you the best grayscale image.
      4.   Select your desired channel in the Channels panel.
           If you need a refresher on channels, see Book VI, Chapter 1. The Red channel gives
           the best contrast for the portrait in my example. Because skin tones tend to have a lot
           of red in them, the Red channel usually provides the best grayscale image of a person.
496   Working with Layer Masks

         5.   Choose Image➪Mode➪Grayscale and click OK in
              the Discard Other Channels alert box.
              Photoshop has now stripped the color from the
              image, shown in the figure.
              This is only one way to convert a color image to
              grayscale. There are a lot of others. Check them out
              in Book II, Chapter 2.
         6.   Choose Window➪Layers.
              The Layers panel appears.
         7.   Holding down the Shift key with the Move tool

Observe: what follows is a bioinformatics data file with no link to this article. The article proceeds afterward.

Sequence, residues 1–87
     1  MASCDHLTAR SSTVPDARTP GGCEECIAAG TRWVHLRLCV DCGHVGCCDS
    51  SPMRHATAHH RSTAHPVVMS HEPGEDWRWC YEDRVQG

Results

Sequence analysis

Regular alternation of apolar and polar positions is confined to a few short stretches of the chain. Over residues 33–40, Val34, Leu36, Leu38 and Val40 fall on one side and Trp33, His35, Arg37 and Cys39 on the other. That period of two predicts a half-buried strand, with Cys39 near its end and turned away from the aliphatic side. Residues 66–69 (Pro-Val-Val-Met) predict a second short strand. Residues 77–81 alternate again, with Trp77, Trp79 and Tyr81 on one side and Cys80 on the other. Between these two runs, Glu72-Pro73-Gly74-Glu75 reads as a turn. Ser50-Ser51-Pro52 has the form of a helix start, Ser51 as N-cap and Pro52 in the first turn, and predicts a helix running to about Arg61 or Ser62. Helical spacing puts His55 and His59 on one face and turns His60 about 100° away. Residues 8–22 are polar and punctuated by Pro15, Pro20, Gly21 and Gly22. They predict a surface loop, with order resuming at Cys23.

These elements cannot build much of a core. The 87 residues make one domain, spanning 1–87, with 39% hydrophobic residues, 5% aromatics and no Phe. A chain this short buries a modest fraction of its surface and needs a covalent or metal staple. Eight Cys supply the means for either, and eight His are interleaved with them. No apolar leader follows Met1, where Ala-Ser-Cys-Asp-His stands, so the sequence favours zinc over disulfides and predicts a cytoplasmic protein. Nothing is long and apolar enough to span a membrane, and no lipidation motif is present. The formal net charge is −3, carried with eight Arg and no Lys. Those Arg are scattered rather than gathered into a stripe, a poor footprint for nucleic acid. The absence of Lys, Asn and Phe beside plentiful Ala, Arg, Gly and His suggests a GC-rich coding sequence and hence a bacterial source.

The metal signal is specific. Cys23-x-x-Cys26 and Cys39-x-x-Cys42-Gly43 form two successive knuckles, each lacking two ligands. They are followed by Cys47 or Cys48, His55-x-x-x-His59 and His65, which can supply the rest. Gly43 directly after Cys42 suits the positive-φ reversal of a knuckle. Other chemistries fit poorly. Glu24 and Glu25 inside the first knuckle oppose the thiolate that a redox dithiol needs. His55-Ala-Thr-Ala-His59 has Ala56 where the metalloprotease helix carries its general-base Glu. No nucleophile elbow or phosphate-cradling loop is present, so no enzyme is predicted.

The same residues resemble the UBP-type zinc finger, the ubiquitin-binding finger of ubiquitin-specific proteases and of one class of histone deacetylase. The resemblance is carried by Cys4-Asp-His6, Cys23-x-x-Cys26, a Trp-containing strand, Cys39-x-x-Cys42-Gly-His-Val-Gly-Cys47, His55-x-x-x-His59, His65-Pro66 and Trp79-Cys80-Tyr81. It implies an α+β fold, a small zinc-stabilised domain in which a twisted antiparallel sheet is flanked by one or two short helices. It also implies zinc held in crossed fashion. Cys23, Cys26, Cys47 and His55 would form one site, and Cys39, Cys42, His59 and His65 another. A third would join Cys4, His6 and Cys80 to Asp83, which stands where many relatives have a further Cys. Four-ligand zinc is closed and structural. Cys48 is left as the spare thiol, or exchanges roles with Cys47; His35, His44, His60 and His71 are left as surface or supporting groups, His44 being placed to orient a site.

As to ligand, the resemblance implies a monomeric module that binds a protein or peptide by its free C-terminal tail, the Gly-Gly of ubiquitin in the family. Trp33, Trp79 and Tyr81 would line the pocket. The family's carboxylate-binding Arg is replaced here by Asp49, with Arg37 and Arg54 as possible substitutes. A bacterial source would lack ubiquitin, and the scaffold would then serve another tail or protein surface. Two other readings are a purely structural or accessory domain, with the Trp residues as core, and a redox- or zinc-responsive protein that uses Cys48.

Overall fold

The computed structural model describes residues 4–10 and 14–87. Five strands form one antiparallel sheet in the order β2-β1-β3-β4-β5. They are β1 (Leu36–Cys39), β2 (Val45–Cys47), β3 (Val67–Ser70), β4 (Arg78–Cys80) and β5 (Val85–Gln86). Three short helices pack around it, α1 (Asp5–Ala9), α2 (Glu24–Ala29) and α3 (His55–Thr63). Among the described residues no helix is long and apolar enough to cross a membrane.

selected, drag and drop your grayscale image onto
              your color image.
              This action automatically creates a new layer from
              the grayscale image. (See Book V for more information about layers.)
              By holding down the Shift key, you keep the grayscale image centered over the
              color image.
         8.   Close your duplicate image.
         9.   Press D to access the default colors.
              This step gives you a black foreground swatch and a white background swatch in
              your Tools panel.
              Now, I show you how to use one of my favorite techniques, a black-to-white gradi-
              ent, on the layer mask.
        10.   Make sure that the grayscale layer is the active layer in the Layers panel and click
              the Add Layer Mask icon at the bottom of the panel.
              It’s the icon that looks like a dark square with a white circle on top. Photoshop adds
              a second thumbnail on your layer, indicating that a layer mask has been applied.
              A layer mask acts like a piece of clear acetate over your layer.
        11.   Select the Gradient tool and then select the default gradient of Foreground to